Morgan tells MPs she opposes running state schools for profit

Secretary of State for Education, Nicky Morgan
Secretary of State for Education, Nicky Morgan
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EDUCATION secretary Nicky Morgan told MPs she does not want to see state schools run for profit, in a shift from her predecessor Michael Gove who had said that it might happen.

Answering questions on academies and free schools Mrs Morgan also warned governing bodies to think carefully about the salaries they pay adding “there are some big numbers out there.”

But she ruled out giving extra powers to Ofsted to inspect academy chains provoking fierce criticism from MPs on the Education Select Committee.

Mr Gove had previously said that “we could move to that situation” when asked whether free schools could be run for profit under a Conservative Government.

He had also said, two years ago, that while some coalition colleagues were sceptical he had an open mind, adding: “I believe that it may be the case that we can augment the quality of state education by extending the range of people involved in its provision.”

But giving evidence yesterday Mrs Morgan said: “ I don’t think I can be any clearer, I don’t think schools should be run for profit.”

However she maintained the Government’s position on Ofsted inspecting academy chains.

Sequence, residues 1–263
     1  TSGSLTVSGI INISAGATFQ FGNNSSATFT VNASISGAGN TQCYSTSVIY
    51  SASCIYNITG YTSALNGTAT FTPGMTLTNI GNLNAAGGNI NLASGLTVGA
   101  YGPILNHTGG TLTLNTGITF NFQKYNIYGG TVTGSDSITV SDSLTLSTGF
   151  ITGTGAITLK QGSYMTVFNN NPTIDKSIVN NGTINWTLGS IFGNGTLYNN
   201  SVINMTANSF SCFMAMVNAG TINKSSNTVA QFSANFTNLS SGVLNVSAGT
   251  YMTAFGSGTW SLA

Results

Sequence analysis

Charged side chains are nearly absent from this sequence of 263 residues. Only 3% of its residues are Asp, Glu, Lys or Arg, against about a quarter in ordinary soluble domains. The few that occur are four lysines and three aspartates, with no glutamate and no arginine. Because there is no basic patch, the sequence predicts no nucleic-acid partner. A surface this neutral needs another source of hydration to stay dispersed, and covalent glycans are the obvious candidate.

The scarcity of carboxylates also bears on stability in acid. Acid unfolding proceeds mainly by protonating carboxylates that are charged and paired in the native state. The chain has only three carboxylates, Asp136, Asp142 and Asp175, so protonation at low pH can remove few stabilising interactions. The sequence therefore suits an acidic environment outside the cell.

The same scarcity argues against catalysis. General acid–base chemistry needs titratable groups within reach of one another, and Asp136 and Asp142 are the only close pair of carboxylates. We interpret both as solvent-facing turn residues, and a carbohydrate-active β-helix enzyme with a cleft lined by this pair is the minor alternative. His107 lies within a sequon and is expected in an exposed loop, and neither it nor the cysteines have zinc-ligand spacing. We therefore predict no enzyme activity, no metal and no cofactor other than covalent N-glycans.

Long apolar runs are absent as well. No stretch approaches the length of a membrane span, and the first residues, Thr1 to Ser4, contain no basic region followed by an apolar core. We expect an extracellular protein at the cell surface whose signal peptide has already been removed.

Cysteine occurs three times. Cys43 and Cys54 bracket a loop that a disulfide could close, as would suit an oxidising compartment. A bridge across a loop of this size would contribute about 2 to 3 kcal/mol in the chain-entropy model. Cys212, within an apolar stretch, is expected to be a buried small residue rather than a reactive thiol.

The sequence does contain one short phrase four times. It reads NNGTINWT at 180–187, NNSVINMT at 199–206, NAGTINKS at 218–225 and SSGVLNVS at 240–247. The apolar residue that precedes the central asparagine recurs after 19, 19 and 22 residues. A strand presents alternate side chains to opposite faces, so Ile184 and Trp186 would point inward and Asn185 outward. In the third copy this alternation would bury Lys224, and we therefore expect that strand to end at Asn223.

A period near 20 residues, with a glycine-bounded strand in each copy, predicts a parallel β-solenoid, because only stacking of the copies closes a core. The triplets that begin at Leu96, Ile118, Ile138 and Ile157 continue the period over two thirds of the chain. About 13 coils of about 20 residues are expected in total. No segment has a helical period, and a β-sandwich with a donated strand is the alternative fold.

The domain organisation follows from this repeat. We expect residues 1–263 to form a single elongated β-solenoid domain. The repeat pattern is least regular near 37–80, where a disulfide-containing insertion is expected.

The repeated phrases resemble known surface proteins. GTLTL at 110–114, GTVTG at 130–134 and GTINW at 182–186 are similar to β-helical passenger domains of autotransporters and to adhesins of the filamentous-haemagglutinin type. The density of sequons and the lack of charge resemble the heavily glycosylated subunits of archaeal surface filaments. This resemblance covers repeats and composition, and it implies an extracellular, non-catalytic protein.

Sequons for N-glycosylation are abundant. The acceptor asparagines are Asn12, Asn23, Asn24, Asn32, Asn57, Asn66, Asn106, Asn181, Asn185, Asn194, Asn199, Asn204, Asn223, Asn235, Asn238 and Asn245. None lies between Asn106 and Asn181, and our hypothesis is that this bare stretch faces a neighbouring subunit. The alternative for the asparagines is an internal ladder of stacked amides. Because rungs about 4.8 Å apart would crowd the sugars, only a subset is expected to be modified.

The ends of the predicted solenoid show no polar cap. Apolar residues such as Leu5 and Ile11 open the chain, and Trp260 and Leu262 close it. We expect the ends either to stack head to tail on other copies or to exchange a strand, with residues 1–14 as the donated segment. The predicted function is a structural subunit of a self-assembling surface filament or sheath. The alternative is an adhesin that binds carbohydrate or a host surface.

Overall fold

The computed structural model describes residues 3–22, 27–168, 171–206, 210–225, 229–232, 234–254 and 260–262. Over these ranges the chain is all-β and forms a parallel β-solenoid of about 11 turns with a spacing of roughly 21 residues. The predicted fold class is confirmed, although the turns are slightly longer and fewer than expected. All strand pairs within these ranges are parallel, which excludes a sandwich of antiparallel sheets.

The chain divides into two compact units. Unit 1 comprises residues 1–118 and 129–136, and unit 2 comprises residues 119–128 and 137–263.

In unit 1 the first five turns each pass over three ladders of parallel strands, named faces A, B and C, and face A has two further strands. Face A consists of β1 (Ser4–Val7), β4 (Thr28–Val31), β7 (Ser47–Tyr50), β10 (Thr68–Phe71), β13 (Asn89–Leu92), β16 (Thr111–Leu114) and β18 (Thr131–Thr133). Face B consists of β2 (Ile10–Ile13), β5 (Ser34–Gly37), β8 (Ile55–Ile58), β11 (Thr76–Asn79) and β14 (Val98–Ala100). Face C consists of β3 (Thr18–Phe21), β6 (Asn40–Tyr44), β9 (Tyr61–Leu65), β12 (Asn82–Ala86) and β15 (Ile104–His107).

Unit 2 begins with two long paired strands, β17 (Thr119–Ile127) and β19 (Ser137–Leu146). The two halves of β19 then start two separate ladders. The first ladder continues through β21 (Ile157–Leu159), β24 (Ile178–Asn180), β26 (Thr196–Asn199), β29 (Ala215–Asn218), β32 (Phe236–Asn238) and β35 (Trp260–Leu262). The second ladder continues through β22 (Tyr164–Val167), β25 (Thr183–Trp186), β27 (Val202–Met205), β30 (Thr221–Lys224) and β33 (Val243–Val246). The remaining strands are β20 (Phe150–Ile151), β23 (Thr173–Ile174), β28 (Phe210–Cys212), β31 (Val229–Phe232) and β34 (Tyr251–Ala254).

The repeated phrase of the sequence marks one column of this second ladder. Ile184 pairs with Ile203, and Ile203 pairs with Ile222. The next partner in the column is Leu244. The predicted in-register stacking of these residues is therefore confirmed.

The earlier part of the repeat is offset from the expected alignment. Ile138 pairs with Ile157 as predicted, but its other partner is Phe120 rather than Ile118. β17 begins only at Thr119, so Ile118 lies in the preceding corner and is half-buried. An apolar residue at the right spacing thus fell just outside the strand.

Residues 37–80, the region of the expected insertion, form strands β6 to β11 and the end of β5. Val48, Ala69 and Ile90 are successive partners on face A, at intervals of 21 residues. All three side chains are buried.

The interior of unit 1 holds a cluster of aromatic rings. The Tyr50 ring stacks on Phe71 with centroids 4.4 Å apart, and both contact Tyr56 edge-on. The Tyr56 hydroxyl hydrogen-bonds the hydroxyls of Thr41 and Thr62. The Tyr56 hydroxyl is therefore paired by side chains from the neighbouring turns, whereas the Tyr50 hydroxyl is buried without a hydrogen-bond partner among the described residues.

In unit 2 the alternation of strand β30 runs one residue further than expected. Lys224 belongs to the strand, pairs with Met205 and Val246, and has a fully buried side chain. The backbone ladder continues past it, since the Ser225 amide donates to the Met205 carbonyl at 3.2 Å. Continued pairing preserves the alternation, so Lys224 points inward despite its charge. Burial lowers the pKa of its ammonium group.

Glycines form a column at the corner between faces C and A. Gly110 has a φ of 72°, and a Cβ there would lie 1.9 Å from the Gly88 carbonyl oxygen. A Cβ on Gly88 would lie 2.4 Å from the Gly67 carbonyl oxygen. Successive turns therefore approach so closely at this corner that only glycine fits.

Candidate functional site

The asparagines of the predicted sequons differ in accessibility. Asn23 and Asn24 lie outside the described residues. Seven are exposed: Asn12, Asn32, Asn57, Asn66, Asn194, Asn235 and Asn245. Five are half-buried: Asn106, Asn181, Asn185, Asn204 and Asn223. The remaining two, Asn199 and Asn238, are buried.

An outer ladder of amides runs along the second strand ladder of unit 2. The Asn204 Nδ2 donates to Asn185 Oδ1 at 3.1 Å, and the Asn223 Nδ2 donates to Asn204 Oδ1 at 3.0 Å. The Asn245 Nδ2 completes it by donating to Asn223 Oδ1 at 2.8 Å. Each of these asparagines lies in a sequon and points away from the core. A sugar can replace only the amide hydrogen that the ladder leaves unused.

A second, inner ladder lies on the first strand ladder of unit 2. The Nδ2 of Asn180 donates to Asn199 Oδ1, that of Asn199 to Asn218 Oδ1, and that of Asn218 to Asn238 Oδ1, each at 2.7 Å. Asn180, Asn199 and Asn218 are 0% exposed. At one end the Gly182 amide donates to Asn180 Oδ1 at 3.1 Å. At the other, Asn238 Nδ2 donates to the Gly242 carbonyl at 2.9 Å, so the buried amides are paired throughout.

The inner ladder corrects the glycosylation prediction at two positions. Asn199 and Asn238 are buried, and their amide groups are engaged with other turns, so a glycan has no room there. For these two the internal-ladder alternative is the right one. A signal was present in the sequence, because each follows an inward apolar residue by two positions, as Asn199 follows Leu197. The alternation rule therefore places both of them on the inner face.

Chains are an increasingly important part of the education sector responsible for running academies.

Ofsted’s chief inspector Sir Michael Wilshaw has repeatedly asked to be given explicit powers to inspect the head offices of academy chains, in the same way the watchdog looks at local council children’s services.

However Mrs Morgan said she was satisfied that Ofsted already has enough powers to inspect these chains, when it looks at their individual schools.

She a said Ofsted has been able to make judgements on chains by doing batch inspections of schools with the same sponsor highlighting recent inspections of academies within E-ACT and Academies Enterprise Trust. She added: “They have the powers. I’m not in the business of producing more legislation to do something that the inspectorate can already do.”

She also said that academy chains have to produce audited accounts and that their finances were responsibility of the Education Funding Agency, an arm of the Department for Education (DfE).

Committee chairman and Beverley and Holderness MP Graham Stuart described the decision as bizarre and said he was struggling to understand the rationale behind it.

He asked Mrs Morgan to write to Sir Michael and the committee explaining the Government’s decision.

The ongoing scandal at the Kings Science Academy in Bradford was also raised by David Ward, the Liberal Democrat MP for Bradford East.

The free school is being investigated by police over alleged fraud. There has also been separate controversy over conflicting version of events over whether the school had a chairman of governors in its first year. The DfE now says the school had no chair in place but it had previously been told wrongly by the school that Alan Lewis, a vice chairman of the Conservative Party had been the chairman.

Mr Lewis has consistently denied ever being the school’s chairman of governors and said records at Companies House prove this.

Mr Ward asked Mrs Morgan whether it was acceptable for a school not to have a chair of governors.

She replied: “It is better to have no chair of governors than a bad chair of governors.”